On April 25, 2015, a magnitude 7.8 earthquake struck southeast of Lamjung, Nepal. It has been described as the most powerful disaster to strike Nepal since the Nepal-Bihar earthquake of 1934. Before the end of the day, staggering statistics and graphic images and video had been released across multiple global media platforms. The Earthquake was covered on network news stations and headlined online news sites. Social media response was swift with donation sites and ‘people tracking’ apps quickly being added to help connect donors with associations and loved ones with friends and family overseas. In this modern age of instant communication, a support system has already been put in place and is being utilized to bring reports and updates directly into millions of homes every hour. Natural disasters (and terror attacks) elicits strong emotional responses and are therefore, deserving of comprehensive, continual, and, eventually, repetitive media coverage.
While family, friends, and relief sponsors desperately need this information for their mental health, other people may be best served by avoiding some of these reports. Survivors of past traumatic events, such as the Asian Tsunami of 2004, The Haiti Earthquake of 2010, or the Arkansas Tornado in 2014, who have suffered natural disaster based trauma, may be more inclined to suffer the effects of secondary trauma from the current news reports. Secondary trauma, or vicarious trauma, is the emotional duress that results when an individual hears about the firsthand trauma experiences of another or is indirectly exposed. Secondary trauma can occur from watching videos, news reports, viewing photos, or even from hearing graphic accounts of traumatic or violent events. Those who have been exposed to strong past trauma are more vulnerable due to emotional susceptibility or unresolved emotional issues related to past events such as depression and anxiety. Those who have never been exposed to similar trauma may still be susceptible as a consequence of the stress resulting from empathy or even an extreme desire to help.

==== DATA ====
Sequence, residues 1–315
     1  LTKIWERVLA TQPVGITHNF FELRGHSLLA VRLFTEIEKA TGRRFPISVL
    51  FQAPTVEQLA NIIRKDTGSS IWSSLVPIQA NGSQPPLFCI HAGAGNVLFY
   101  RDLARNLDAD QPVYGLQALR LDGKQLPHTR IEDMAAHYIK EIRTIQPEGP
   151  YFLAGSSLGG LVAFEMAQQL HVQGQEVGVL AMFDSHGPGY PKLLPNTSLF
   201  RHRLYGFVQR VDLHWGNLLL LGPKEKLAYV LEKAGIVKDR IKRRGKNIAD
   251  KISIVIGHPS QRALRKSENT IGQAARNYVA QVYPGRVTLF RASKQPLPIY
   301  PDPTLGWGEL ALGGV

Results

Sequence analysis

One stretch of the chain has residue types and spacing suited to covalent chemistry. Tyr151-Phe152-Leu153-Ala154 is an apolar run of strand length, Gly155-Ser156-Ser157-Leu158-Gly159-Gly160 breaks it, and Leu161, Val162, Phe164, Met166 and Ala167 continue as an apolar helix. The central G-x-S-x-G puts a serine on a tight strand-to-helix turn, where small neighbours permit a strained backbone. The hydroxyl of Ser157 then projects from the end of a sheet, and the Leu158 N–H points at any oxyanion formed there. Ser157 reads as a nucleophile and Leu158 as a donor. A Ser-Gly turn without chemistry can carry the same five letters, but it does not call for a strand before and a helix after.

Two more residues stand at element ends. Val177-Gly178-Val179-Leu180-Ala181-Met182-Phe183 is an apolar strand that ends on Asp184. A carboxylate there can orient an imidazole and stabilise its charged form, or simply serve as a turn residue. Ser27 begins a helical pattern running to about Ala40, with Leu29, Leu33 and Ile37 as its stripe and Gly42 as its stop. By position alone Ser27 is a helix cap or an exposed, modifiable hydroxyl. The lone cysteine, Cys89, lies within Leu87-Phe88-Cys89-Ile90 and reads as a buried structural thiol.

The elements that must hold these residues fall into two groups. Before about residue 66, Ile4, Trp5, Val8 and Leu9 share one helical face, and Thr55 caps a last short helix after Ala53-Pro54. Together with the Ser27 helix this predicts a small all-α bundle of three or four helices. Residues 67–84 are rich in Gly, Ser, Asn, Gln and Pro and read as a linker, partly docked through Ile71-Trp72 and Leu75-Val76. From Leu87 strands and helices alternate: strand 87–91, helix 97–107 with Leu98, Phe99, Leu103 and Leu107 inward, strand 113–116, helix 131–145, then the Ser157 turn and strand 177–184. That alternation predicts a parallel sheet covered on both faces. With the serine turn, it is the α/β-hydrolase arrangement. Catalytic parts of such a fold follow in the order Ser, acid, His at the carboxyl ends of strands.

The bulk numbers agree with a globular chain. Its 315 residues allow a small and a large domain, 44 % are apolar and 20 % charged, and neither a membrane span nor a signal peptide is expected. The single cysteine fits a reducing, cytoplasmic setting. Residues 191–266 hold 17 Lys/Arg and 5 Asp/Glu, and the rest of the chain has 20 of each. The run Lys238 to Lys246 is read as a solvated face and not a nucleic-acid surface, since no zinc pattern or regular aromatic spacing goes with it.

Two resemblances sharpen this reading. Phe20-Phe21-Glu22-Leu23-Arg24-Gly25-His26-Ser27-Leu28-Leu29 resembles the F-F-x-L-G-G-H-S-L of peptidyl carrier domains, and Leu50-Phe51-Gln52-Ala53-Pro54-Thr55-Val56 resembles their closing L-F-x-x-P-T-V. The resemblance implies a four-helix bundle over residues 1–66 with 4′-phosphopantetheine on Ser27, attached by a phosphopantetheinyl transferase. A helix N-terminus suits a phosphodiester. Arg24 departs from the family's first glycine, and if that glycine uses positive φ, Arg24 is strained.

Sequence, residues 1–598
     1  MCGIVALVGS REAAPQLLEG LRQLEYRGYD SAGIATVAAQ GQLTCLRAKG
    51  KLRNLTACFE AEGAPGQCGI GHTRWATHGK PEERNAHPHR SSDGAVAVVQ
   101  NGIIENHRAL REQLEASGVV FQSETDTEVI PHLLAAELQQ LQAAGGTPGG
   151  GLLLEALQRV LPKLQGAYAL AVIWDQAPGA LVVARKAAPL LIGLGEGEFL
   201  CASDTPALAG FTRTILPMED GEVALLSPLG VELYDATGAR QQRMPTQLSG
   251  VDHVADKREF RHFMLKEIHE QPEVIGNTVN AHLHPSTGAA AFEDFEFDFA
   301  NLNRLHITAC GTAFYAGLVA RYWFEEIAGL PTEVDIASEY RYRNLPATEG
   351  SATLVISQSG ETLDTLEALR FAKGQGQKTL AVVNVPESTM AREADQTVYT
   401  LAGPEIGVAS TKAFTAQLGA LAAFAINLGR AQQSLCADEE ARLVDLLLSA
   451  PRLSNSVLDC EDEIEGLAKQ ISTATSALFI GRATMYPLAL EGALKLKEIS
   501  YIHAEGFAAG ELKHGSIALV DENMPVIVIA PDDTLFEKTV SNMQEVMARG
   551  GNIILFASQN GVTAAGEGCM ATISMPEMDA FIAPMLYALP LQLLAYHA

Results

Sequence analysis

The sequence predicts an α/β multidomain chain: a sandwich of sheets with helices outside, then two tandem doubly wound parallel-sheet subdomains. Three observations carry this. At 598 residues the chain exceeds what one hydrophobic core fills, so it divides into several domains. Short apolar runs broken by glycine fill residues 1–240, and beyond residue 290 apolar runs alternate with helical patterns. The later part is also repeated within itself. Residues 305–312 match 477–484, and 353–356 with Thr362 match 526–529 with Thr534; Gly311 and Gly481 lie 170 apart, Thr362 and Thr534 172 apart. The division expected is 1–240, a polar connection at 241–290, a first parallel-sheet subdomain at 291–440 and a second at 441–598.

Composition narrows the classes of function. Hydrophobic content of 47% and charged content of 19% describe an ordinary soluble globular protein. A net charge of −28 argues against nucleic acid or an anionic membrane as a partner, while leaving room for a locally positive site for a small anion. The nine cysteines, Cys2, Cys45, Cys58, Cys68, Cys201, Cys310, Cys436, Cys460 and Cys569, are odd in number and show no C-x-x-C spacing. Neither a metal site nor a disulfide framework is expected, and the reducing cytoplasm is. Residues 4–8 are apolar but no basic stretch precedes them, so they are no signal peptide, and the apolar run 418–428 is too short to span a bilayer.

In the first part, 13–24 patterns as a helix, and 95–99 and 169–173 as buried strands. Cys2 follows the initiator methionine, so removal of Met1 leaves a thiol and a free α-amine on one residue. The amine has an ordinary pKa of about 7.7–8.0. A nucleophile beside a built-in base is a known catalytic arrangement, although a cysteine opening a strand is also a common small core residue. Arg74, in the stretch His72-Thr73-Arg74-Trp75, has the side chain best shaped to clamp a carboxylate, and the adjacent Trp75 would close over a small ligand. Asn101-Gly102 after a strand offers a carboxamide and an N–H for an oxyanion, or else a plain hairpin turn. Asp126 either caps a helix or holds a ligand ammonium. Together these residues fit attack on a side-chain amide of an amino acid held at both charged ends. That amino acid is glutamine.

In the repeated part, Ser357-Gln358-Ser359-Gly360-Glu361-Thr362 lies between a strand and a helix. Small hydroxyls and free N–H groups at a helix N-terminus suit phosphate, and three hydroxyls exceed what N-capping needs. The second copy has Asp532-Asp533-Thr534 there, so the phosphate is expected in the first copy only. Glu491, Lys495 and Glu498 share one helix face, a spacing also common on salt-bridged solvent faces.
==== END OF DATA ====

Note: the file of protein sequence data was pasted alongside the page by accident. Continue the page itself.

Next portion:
Symptoms and conditions associated with secondary trauma are similar to the symptoms of post-traumatic stress disorder. These include: hyper vigilance, hopelessness, sleeplessness, chronic exhaustion, anxiety, guilt, social withdrawal, anger, bereavement, and severe depression. These symptoms might not be immediately present. Generally speaking, they will present over the course of four weeks after the traumatizing event. You may not immediately recognize the symptoms before coping strategies evolve. Coping strategies can involve eating disorders, self-injurious behavior, substance abuse or chemical dependency.
If you are experiencing these symptoms or coping strategies, you may need to seek treatment or help with emotional regulation. You may need to decrease your personal level of connectivity to reduce additional exposure. Avoid additional news coverage. Consider using less social media (unless you are involved with a social media support group). If professional help is needed, get help. Treatment options do exist and include psychotherapy, cognitive behavior therapy, counseling, and support groups in both residential treatment facilities and outpatient treatment centers.
Most importantly, make sure you take care of yourself and your mental health. Natural disasters are, by definition, catastrophic events. The earthquake has already cause extensive damage and loss of life. Don’t let your family become secondary victims.